U4 S2 L2 E cell


U4 S2 L2

Standard Reduction Potentials

Its all about ~~ SHE!

Textbook Readings MHR page 761: Introducing Cell Potentials page 768: Standard Cell Potentials pages 769-774: Calculating Standard Cell Potentials

Textbook Practice Items MHR page 773: items 5, 6, 7 and 8 page 774: Thought Lab page 775: items 1-4, and 6

Upon completion of this lesson, you should be able to:

• define half-cell voltage, standard half-cell, cell voltage, E°

• use a standard reduction potential table to predict cell voltage and to predict if the redox reaction is spontaneous (occurs as it is written)

• develop a table of redox half-reactions from experimental results

• Electrons spontaneously flow from a position of higher potential energy

(anode) to a position of lower potential energy (cathode).

• The moving electrons can do work; light bulbs, motors….

• Electric potential of a cell:

E p 761

– The difference between the potential energy of the anode and the cathode


• Measured in volts (V)

• Commonly called – cell voltage or cell potential

• A cell potential of 0 V (zero) means the cell has no electric potential.

– If the electrodes are the same, then there is no difference in there potential and will not generate any electric potential (same height)

– Electrodes must be different.

Standard cell potentials

p 768

The standard half cell table of reduction potentials was created by comparing all half cell reactions with the standard hydrogen electrode (SHE)

The SHE has H

1.0 mol/l HCl


(aq). bubbled over a Pt electrode in

This half cell has been given a E


0.00 V.


Standard reduction potentials of half cells

Table 19.1 p 768 or Table E.14 p 848

These are standard values which means:

1. all elements in the table are in their standard states at

25 o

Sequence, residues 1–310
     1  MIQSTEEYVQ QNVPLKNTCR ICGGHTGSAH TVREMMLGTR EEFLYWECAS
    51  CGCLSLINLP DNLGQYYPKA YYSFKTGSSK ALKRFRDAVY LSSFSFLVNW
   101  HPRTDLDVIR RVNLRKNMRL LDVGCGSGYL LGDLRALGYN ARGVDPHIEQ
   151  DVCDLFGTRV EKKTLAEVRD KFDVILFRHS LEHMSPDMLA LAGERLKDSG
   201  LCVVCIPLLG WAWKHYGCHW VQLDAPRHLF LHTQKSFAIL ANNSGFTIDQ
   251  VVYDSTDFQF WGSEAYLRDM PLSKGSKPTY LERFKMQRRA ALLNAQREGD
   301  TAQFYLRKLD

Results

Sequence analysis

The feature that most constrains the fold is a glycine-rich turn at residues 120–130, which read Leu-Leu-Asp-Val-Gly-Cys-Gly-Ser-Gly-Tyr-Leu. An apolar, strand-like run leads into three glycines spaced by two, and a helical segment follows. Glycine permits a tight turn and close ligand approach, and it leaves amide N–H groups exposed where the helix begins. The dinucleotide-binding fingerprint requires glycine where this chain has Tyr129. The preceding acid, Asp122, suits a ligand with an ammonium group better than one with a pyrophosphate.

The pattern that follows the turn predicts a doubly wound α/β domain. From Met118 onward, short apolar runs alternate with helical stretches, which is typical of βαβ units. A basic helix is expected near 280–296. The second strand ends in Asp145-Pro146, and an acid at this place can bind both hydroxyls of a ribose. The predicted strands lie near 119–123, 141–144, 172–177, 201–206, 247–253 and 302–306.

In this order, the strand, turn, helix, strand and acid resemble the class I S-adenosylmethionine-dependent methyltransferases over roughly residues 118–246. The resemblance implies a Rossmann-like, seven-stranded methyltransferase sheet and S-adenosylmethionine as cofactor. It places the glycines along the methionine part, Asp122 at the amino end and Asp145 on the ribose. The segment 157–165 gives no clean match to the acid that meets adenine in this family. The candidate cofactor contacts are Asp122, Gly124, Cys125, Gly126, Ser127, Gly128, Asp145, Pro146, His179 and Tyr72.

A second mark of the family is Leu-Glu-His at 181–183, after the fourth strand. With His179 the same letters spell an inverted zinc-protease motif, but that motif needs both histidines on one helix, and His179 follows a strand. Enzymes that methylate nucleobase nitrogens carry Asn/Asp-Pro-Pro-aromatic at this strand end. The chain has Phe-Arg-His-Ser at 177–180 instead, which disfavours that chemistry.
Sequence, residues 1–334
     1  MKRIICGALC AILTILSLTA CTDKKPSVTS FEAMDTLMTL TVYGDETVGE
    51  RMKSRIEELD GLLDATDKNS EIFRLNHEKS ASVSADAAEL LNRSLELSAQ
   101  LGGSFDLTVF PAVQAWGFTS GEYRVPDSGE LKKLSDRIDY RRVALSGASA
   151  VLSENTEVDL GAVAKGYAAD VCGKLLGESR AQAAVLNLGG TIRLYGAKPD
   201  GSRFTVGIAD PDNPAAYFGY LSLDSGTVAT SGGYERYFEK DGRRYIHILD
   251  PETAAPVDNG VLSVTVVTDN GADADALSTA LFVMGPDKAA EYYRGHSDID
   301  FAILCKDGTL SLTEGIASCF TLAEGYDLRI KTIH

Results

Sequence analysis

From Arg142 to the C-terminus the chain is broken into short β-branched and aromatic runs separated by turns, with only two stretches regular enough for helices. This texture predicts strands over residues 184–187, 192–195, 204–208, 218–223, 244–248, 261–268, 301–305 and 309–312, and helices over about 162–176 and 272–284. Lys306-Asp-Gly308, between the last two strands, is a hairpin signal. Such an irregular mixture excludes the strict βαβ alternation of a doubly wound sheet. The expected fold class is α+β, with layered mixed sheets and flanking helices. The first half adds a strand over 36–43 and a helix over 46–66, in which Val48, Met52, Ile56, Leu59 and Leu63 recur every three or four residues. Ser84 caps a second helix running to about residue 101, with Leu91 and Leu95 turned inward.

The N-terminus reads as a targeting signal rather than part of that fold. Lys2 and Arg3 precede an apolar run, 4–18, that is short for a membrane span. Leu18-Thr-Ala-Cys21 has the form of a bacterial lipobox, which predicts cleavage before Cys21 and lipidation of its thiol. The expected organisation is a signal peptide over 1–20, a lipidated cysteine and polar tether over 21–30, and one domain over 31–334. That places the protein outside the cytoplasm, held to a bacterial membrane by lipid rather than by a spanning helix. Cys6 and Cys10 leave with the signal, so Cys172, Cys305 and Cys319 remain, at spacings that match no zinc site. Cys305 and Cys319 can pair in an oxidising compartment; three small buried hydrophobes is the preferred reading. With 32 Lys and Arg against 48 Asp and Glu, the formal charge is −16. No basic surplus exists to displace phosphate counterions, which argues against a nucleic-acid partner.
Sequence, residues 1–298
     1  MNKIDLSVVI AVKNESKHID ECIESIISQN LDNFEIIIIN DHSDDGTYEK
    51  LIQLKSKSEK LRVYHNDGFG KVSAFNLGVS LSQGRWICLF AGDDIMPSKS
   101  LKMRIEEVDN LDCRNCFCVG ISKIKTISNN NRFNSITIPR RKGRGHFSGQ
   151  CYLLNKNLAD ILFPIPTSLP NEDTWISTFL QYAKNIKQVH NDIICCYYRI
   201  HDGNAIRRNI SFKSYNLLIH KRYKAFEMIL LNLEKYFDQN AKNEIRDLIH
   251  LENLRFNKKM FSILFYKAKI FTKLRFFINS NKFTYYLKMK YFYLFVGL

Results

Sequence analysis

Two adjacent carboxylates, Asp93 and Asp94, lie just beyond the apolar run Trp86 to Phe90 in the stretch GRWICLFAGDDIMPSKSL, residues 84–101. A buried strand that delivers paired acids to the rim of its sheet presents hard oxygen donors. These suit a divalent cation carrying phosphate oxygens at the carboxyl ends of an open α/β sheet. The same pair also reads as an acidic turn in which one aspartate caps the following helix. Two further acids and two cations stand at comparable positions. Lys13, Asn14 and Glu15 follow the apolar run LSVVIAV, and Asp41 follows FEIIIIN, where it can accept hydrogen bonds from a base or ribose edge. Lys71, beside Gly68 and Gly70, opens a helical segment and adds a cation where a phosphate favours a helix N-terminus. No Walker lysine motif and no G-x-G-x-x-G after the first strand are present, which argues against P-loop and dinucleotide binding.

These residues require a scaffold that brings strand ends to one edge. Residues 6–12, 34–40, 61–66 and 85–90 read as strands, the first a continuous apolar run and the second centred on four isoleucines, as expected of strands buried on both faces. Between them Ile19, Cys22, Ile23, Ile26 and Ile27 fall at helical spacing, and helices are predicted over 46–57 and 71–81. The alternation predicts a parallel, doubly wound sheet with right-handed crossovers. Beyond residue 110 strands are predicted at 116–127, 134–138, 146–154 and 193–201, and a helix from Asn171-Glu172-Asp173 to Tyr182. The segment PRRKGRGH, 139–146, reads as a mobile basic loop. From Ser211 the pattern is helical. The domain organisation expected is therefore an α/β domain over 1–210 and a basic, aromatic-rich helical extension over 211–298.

C and 101.3 kPa


2. And all ions have a standard molar concentration of

1.0 mol/L


Keep in mind that all half cells are written as reduction.

– For oxidation half reactions we need to reverse the equation and change the sign!

• Strongest reducing agent is lowest on the right on the table.

• Strongest oxidizing agent is highest on the left

• Calculate the E


for the following cell:



| Zn



|| Cu



| Cu


Formula method:


E cell


E cathode


E anode

Half cell method:

• Calculate the E

0 for this reaction:

Which half cell will be the anode?

Zn | Zn


(1 mol/L)

|| H


(1 mol/L)




– will electrons flow!

p 770

• If a cell is to produce an electric current the


0 cell must be positive .

That is, the cathode must have a higher reduction potential than the anode


Ie: On the table, the cathode must be higher on the table than the anode


Calculate the cell potential for each: Indicate if a current can be produced.

Cd | Cd


|| Cu


| Cu



| 2 I


|| 2 Cl


| Cl


• a)

Reduction table trends:

Which will react spontaneously with Br

2 but not with I



Ie: On the table, the cathode must be higher on the table than the anode



2+ b) F

c) Fe

2+ d) Mn


• P 775 #2c

• P 775 #6